Quartz occurs when temperatures fall between 100 and 450 degrees Celsius. It requires hot water, otherwise known as a hydrothermal environment, to form effectively. This means that it is usually found in igneous and volcanic rock. However, there is more necessary to the formation of quartz crystal than simply a certain temperature. For example, in order for quartz to form and grow successfully, temperatures and pressures both must rise and then fall once again.
In some instances, hot water from rocks deep below the surface of the earth bubbles up and reaches surface-level rocks (usually when volcanic activity is present). The rocks at or near the earth&s surface can cool much more quickly than those deep below, and their fast cooling time causes silica to grow significantly. This creates quartz veins. Quartz can also often be found in hydrothermal ore vein systems.
Sometimes, quartz that is buried far below the earth suddenly reaches the earth&s surface. Usually this happens when earthquakes or other tectonic activity occur. When the quartz that was once far below the earth suddenly reaches near surface-level temperatures, and the pressure surrounding it drops, alpine quartz clefts are formed. This forms rock crystals with lovely shapes or clear smoky quartz, both of which are very beautiful and highly prized.
The truly nice quartz crystals can be found in pegmatites, which are a special kind of magmatic rocks. In the previous stages of this process, water has gathered many different chemicals but has not melted off in any way. As crystals continue to grow but water remains unmelted, pockets of mineralized water form throughout the magma. These pockets become overheated, causing their chemical ions to be extremely mobile. When this happens, crystals grow huge very rapidly - and this forms what is known as a pegmatite. Pegmatites are known not only for their large and beautiful crystal formations, but also for the presence of several rare types of minerals.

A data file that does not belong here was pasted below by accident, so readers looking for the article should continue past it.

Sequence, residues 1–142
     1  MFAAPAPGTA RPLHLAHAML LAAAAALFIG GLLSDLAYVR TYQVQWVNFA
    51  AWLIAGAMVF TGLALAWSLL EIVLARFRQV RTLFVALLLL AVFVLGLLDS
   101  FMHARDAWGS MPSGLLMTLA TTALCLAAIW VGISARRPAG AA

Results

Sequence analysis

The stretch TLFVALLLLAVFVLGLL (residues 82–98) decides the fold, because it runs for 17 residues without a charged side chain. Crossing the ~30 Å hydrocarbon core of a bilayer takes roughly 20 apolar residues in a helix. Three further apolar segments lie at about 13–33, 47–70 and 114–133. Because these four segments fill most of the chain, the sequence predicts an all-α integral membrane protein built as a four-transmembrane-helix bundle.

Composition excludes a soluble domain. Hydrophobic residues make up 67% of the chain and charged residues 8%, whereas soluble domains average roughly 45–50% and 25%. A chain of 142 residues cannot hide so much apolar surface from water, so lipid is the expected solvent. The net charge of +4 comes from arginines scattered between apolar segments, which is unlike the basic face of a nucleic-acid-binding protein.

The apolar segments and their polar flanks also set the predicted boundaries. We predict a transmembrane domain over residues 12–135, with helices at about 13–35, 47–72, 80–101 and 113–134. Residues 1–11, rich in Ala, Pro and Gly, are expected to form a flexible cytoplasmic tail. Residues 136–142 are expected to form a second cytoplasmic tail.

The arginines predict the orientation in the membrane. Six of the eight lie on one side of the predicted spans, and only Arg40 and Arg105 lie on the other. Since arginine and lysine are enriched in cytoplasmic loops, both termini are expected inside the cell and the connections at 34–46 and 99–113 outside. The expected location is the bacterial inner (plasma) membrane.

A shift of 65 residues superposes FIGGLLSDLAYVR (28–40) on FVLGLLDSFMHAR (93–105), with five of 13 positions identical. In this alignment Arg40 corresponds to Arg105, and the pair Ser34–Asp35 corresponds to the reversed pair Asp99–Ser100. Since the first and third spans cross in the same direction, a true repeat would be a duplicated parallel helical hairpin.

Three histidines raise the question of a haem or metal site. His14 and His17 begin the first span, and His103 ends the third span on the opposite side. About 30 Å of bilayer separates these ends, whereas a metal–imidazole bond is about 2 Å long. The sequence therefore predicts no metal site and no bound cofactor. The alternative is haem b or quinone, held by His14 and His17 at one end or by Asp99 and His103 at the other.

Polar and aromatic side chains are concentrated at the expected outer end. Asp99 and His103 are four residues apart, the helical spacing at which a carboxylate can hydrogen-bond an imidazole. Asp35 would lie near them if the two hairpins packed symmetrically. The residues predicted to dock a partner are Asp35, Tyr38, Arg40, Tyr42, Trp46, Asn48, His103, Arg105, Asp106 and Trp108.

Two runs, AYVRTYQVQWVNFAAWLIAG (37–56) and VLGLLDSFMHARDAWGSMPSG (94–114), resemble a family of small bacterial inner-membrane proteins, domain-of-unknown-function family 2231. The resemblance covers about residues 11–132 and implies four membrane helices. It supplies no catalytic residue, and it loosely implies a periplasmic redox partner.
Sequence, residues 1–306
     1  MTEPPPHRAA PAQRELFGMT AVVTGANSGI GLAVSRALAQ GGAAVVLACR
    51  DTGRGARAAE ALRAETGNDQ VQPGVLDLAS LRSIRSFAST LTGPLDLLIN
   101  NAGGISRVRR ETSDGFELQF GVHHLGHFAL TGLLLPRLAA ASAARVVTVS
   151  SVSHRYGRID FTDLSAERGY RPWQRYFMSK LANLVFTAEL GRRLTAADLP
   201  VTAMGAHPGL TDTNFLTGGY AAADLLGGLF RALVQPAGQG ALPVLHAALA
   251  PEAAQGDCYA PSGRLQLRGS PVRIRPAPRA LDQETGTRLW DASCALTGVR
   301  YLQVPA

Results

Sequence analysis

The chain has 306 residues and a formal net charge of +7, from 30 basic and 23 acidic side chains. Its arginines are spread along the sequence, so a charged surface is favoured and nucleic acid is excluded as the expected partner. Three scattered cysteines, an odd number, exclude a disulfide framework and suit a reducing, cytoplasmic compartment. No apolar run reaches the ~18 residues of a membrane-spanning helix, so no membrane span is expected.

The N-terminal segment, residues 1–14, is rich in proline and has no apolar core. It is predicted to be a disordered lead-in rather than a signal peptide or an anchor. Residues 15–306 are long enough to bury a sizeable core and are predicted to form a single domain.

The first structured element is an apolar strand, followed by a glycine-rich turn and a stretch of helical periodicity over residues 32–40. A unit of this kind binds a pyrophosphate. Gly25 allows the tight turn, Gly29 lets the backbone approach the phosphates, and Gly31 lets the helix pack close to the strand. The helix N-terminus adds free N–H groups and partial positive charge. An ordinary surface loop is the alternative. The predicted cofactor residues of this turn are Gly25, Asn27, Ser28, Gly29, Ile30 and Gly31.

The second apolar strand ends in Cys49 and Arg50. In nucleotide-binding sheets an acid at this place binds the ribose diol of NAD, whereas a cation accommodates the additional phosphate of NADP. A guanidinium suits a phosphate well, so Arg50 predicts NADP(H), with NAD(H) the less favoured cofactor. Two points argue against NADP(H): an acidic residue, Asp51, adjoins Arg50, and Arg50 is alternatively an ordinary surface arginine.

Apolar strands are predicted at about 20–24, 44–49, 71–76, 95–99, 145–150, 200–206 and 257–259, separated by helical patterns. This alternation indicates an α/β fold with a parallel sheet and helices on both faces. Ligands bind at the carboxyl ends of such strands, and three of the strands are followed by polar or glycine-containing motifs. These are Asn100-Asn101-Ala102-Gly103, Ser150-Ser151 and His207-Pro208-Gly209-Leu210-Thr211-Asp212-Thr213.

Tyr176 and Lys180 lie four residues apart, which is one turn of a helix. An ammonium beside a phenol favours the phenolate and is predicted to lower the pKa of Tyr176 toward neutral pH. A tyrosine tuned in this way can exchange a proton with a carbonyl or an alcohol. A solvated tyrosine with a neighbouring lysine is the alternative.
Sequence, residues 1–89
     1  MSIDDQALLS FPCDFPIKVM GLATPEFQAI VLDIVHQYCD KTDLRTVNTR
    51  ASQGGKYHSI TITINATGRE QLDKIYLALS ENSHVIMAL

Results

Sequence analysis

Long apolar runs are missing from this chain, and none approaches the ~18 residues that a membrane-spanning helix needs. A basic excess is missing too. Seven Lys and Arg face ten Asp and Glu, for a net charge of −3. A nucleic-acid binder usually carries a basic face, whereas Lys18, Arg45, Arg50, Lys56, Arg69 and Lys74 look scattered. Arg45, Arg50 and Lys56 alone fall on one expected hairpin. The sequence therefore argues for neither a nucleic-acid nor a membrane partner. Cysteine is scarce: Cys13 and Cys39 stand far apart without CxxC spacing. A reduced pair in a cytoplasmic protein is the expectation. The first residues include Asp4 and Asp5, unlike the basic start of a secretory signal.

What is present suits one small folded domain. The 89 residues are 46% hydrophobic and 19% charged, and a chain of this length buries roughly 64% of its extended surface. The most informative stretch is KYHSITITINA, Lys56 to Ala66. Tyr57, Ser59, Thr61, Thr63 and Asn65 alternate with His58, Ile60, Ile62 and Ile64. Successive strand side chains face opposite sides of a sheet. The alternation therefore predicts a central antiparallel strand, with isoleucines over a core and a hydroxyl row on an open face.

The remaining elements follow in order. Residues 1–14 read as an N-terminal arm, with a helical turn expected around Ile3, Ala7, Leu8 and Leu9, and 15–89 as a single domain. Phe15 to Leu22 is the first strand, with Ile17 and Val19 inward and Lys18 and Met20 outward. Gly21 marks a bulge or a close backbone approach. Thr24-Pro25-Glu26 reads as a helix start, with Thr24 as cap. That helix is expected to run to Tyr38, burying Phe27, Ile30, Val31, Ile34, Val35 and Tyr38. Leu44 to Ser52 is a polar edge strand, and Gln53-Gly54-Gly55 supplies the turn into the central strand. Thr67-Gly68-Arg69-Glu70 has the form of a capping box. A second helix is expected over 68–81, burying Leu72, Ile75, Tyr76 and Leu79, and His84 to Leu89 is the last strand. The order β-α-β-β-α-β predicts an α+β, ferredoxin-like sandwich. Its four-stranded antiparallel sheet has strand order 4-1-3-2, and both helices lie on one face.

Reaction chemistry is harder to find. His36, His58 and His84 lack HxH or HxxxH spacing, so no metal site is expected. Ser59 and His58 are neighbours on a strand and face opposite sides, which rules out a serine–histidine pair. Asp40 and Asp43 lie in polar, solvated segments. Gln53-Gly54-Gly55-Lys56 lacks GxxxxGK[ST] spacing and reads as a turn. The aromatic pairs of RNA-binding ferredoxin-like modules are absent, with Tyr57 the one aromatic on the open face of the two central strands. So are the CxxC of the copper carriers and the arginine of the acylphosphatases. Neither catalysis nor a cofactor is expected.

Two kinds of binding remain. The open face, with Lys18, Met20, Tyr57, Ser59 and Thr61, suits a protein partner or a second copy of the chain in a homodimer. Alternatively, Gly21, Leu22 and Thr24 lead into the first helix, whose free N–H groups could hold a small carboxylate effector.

Chalcedony and Agate - cryptocrystalline forms of Quartz
Quartz comes in several different varieties. Although most of the types of quartz in existence are simply differently colored than its original form (which is clear), there are two other commonly-occurring types of quartz that differ a bit more. The first of these is chalcedony.
Chalcedony is considered a cryptocrystalline polymorph of quartz. Cryptocrystalline is a term that refers to the makeup of the rock&s texture. Basically, when a rock can be classified as cryptocrystalline, this means that its crystalline nature is only apparent when viewed under a microscope. To the naked eye, these rocks do not appear to be crystals at all. Chalcedony falls under this classification because it is made up of microscopic growths of both quartz and moganite which have grown together over time. In many cases, it can develop by internal recrystallization of amorphous opal.
Agate is in fact a rock (because it is a mix of minerals) with a similar composition. It is mixture of quartz and cryptocrystalline polymorphs of silica; it is formed by the layering of simple quartz with chalcedony and oftentimes opal as well. When water containing silica (SiO2) travels through heated volcanic rock, it crystallizes into chalcedony deposits. If the silica solution in the water changes in some way, layers of quartz are formed on top of the chalcedony. This process can repeat itself many times to create agate.